There are 100 prisoners in 100 separate locked cells. During the night each of 100 prisoner officers visits the cells. The first officer visits every cell. The second officer visits cells 2,4,6,... etc (every 2nd cell), the third officer visits cells 3,6,9,..etc (every third cell), the fourth officer visits every fourth cell, and so on until the 100th officer visits the 100th cell. On a visit each officer unlocks the door if it is locked or locks the door if it is unlocked. If the cell remains unlocked after all officers have completed their rounds, the prisoner can escape. In the morning, how many prisoners have escaped and why?

### Solution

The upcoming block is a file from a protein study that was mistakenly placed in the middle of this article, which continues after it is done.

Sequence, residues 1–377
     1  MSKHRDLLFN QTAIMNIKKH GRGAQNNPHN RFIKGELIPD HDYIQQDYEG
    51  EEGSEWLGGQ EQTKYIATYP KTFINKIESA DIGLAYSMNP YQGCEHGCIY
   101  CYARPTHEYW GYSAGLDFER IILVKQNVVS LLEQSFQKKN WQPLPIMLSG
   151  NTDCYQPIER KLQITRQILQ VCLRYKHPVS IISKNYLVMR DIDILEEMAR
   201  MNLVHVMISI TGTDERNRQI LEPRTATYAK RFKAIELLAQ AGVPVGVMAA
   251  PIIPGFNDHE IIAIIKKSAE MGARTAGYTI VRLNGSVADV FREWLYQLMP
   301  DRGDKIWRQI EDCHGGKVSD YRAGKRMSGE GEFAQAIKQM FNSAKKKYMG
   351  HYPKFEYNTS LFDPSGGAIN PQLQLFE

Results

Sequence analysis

A cell will remain unlocked in the morning if it has been visited by an odd number of prison officers during the night. Let's look at a particular cell $n$. It will be visited by an officer for every number $a$ that divides $n$ (including $a=1$ and $a=n$). If $a$ divides $n$, then so does $n/a$. Thus, divisors of $n$ come in pairs $(a,n/a)$. If $n$ is not a square number, then each such pair is made up of distinct numbers. So, if $n$ is not a square number, then cell $n$ is visited an even number of times and therefore ends up locked. If $n$ is a square number, then the cell is visited an odd number of times and remains unlocked in the end. There are 10 square numbers up to and including 100, so the answer is 10.*This puzzle was contributed by John Rowland, an IT officer who also provides maths tuition, preparing students for examinations at GCSE and A level.*